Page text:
The fully redesigned 1999 model, "re-engineered from the rubber to the roof, is bigger, more powerful and more refined," said John Middlebrook, general manager of the General Motors Corp. division.
Tracker relied on regional TV ads in 1996 and print in 1997, said Phil Carlisle, assistant brand manager for the small sport-utility.
The redone model will get national TV and national print, including magazines and newspapers, Mr. Carlisle said, via Campbell-Ewald, Warren, Mich.
Mr. Carlisle declined to reveal ad spending for the new-model launch. In 1996, Tracker received a $13 million push; last year, the figure dropped to $9.5 million, according to Competitive Media Reporting. For the first half of '98, spending was $432,000.
RIVALS SPEND MORE
Industry experts say the brand will have to spend more on advertising if it wants to compete against segment leaders American Honda Motor Co.'s CR-V and Toyota Motor Sales USA's RAV4. Honda spent $32.7 million last year on the CR-V and $19.9 million during the first half of 1998, while Toyota spent $19.3 million last year and $11.1 million through June '98 on its RAV4.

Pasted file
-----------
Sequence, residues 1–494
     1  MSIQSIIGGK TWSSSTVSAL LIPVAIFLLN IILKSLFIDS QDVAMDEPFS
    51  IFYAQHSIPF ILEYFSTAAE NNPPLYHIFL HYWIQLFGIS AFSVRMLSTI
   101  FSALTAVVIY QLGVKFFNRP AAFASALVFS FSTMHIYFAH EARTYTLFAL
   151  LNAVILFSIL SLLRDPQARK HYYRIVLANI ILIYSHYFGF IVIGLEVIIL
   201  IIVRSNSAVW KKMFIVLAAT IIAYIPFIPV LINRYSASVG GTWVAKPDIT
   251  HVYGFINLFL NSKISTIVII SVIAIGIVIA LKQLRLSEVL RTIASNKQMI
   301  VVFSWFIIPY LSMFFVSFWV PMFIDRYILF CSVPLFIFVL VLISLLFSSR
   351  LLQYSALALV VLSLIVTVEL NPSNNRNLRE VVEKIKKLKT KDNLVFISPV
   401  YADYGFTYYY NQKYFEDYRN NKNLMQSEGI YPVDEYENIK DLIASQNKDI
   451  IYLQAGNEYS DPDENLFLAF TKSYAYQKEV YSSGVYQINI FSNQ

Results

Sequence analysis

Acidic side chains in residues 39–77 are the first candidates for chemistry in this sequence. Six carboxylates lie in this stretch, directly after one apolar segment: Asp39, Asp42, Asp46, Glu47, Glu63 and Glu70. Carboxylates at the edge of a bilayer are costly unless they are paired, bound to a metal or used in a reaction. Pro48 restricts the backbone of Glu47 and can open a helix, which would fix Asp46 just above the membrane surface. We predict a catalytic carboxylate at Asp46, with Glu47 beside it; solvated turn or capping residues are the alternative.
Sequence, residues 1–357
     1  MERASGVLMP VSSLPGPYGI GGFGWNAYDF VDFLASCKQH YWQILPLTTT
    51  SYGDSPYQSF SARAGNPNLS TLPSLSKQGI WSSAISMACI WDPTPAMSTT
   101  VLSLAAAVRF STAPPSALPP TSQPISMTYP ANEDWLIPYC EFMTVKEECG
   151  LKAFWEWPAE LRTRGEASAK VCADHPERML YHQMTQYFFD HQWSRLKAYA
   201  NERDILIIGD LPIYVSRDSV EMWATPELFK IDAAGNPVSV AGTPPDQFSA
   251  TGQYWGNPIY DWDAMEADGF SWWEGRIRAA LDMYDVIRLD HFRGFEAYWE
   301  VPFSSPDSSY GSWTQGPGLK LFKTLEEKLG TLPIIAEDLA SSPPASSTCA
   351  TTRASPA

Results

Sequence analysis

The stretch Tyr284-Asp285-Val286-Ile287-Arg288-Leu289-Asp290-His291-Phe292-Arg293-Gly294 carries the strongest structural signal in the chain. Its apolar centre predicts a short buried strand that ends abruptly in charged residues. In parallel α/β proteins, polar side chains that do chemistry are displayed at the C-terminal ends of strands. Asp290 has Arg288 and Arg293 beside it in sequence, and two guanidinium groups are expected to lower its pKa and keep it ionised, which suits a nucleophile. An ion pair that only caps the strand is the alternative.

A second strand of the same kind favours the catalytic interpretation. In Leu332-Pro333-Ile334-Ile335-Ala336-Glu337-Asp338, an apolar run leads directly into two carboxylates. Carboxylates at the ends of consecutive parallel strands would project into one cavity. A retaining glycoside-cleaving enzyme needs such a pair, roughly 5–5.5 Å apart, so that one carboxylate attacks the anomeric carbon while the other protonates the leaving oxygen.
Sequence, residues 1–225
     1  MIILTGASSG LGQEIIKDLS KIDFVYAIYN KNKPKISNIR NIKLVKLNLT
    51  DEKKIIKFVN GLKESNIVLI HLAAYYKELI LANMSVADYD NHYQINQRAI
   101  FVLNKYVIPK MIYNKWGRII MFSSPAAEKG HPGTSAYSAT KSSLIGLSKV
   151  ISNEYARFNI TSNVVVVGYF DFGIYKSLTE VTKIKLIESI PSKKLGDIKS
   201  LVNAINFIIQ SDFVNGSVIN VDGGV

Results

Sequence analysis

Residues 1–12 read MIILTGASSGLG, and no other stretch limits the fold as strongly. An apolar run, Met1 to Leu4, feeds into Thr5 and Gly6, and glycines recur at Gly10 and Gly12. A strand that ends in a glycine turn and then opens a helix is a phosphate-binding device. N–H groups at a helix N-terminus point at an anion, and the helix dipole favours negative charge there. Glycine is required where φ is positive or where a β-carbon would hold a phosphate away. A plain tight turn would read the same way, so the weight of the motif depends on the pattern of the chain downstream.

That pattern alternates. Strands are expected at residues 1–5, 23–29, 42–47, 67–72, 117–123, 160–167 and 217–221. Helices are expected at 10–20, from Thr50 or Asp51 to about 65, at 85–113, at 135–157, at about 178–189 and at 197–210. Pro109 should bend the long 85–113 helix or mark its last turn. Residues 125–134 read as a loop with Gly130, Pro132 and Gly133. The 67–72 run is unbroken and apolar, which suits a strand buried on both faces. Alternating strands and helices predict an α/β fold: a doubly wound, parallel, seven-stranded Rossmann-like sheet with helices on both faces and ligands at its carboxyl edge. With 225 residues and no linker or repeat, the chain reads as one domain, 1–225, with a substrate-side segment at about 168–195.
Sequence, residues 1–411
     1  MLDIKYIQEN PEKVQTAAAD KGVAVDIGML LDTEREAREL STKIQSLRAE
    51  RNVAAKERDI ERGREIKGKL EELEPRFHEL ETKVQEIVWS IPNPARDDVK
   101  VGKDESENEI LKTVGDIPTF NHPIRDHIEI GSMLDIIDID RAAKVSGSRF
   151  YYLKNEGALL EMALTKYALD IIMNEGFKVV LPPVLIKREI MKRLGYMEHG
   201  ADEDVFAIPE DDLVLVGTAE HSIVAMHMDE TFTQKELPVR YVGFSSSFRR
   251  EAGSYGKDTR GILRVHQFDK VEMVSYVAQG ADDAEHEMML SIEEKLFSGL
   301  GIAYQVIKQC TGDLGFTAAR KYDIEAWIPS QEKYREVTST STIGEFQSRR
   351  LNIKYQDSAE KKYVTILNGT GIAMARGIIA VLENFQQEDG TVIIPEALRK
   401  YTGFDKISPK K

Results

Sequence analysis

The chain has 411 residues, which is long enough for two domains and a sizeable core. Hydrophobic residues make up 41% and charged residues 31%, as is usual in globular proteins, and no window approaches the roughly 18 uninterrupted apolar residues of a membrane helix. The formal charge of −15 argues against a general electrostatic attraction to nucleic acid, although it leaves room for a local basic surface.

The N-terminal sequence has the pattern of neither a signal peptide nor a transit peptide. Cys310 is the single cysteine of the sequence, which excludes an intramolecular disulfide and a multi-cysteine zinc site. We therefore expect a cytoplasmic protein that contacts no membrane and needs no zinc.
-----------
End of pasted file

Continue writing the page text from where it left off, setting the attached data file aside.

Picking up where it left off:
"Whether or not Chevrolet can get beyond the perception of Tracker as a low-end, entry product is probably the biggest challenge they have," said Bob Schnorbus, an auto industry analyst at J.D. Power & Associates.
Those brands have staked out a fair share of the market for buyers wanting a small SUV, he said.
And, while Tracker was originally an entry-level vehicle, the SUV market has broadened.
`VEHICLE NEEDS POLISH'
"There is a market for a vehicle about that size, but it needs a bit more polish to it and better handling capabilities," Mr. Schnorbus added.
Chevrolet said it has given the new Tracker a "drastically improved four-wheel-drive system," more refinements, more comfort and more horsepower.
The division sold 33,354 Trackers last year, and 16,886 units through September of this year, according to Automotive News.
Mr. Carlisle said Chevy expects to sell about 50,000 Trackers in calendar 1999.